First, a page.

Postpartum Running Guidelines

“When is it safe to return to running after having my baby?” is one of the most frequent questions we hear from our postpartum patients. According to a recent guideline for postnatal return to running (Goom et al 2019), low impact exercise is recommended within the first 3 months postpartum with a gradual return to running between 3-6 months. However return to running post-injury or post-pregnancy is often less timeline related, but rather based on recovery and running preparedness. Regardless of how long it has been since your childbirth, where you are in the recovery process and your level of preparation for a return to running will determine your readiness.

Pregnancy often brings about changes in spine, pelvic and hip mobility due to the normal compensation that occurs with the growing baby. Once postpartum, these compensations are no longer necessary but often times linger. This may be one of the reasons you feel like running “does not feel the same'' or why you may be experiencing pain or urinary incontinence (involuntary leaking of urine). Muscular length changes and birth healing may also impact your readiness when returning to running. Whether you are 4 weeks, 4 months, or 4 years (or more!) postpartum, we will assess and address your individualized needs as there is no “one size fits all” approach.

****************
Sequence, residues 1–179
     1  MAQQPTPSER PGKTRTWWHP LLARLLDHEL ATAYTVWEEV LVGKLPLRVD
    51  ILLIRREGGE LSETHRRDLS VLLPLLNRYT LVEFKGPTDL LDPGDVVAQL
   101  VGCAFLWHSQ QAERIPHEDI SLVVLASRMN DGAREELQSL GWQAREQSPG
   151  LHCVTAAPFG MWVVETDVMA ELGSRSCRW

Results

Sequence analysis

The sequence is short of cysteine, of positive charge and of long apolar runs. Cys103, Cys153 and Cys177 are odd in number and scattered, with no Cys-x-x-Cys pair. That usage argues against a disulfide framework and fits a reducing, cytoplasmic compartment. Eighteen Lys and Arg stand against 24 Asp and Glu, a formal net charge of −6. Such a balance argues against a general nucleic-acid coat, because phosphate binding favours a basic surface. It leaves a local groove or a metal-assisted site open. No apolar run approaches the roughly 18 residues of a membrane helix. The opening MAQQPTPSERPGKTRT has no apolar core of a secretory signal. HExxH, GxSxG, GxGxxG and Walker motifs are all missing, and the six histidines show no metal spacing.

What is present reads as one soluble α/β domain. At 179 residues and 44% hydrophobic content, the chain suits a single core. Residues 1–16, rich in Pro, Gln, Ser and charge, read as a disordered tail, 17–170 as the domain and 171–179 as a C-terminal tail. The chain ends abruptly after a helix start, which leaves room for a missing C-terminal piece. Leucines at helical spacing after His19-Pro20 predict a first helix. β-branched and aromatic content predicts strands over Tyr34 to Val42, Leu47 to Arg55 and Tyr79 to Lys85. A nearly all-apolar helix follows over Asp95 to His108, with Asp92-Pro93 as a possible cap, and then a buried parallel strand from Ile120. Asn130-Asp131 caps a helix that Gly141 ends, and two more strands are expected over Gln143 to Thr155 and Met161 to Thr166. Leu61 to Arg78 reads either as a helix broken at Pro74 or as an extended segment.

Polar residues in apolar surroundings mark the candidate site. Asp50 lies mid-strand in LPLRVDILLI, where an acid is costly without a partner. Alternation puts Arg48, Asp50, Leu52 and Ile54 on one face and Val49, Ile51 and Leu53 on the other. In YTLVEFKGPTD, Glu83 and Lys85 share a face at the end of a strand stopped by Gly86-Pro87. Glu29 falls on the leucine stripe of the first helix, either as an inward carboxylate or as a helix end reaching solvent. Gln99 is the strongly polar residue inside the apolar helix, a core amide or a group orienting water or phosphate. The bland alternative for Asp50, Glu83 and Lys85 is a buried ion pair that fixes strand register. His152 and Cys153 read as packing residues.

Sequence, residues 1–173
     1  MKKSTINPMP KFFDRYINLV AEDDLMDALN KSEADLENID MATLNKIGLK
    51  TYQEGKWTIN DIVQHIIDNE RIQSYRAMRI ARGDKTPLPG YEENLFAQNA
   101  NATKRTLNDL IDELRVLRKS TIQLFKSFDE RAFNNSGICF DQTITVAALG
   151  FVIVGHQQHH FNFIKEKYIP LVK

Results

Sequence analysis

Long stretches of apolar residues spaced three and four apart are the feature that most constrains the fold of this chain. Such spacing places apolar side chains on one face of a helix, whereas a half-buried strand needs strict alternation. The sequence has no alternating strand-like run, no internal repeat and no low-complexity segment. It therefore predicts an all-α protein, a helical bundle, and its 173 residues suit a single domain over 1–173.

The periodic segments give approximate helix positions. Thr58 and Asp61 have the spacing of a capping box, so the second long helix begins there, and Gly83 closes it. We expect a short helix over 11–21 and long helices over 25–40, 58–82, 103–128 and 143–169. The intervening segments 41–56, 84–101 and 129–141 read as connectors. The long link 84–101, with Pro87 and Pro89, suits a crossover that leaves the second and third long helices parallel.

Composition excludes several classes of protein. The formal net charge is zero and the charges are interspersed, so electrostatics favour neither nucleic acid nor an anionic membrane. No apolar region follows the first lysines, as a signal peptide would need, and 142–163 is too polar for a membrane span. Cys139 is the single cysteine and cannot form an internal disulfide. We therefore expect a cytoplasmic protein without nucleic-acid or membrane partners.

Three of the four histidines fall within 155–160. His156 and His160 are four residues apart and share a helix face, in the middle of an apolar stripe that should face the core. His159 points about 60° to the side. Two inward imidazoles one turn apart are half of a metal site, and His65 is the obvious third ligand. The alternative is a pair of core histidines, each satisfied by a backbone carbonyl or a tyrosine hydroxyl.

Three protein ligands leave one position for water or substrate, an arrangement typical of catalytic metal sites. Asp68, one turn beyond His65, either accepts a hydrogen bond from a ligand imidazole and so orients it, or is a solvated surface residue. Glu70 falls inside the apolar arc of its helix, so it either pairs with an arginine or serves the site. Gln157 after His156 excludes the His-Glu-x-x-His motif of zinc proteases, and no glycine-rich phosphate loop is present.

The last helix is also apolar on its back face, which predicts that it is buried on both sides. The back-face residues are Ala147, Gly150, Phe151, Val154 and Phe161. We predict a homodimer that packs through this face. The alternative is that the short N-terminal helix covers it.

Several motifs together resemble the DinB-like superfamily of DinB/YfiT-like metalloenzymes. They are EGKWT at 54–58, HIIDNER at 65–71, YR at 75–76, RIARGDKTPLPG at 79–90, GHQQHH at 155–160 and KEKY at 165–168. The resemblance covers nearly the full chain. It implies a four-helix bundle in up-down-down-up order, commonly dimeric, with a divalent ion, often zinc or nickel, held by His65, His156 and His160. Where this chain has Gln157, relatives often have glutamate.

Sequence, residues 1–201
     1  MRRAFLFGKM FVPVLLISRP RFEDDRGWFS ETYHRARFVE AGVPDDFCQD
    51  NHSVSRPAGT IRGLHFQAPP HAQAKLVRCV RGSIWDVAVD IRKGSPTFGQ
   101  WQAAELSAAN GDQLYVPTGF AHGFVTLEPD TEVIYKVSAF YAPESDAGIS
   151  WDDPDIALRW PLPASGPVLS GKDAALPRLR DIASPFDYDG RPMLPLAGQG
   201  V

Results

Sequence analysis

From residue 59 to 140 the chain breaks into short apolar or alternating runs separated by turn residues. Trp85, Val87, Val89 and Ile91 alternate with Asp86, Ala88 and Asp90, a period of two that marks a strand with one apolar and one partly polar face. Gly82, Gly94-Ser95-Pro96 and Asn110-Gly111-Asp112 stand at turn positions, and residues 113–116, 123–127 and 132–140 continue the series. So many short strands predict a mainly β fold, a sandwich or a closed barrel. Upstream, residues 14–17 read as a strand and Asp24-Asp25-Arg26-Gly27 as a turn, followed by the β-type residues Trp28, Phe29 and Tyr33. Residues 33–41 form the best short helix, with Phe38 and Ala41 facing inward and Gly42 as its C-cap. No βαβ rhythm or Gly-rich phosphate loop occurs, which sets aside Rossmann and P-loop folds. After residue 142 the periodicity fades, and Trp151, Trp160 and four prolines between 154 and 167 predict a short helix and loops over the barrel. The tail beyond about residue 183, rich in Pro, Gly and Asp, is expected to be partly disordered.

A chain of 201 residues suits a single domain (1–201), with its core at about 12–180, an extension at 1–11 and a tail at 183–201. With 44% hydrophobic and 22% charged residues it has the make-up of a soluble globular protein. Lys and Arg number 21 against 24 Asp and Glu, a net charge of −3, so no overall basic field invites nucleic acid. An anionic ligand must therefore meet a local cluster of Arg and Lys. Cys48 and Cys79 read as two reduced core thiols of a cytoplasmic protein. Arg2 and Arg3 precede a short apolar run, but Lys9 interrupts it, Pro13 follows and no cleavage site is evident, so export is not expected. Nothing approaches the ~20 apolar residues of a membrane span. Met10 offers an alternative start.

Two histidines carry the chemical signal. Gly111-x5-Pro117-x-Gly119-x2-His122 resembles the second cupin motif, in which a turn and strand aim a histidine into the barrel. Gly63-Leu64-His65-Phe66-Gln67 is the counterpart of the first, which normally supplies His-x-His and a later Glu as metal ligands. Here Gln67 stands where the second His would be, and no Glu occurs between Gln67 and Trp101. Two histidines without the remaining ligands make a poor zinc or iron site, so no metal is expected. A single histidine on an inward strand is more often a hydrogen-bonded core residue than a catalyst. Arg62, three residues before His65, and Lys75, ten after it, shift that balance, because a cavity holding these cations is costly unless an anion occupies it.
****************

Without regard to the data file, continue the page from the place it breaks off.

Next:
When should you modify or postpone running?

  • When you cannot balance abdominal pressure and muscular force.

-->This can look like breath holding, straining, urinary or fecal incontinence, urinary urgency, bulging through an abdominal separation (Diatsasis Recti), perineal pressure from pelvic organ prolapse or pain especially in the pelvis, hips or low back.

  • When you are unable to maintain form within an activity.

-->Specific to running, difficulty with single leg standing, squatting and rotational activities will likely impact running form.

At Healthy Core, we will guide you to reconnect with your core, rebalance your system, and safely prepare your body to feel strong, confident and resilient during running. Our goal is to prepare your body for the impact of running which will ultimately improve your performance.

Goom, T, Donnelly G, Brockwell E (2019). Returning to running postnatal–guidelines for medical, health and fitness professionals managing this population.

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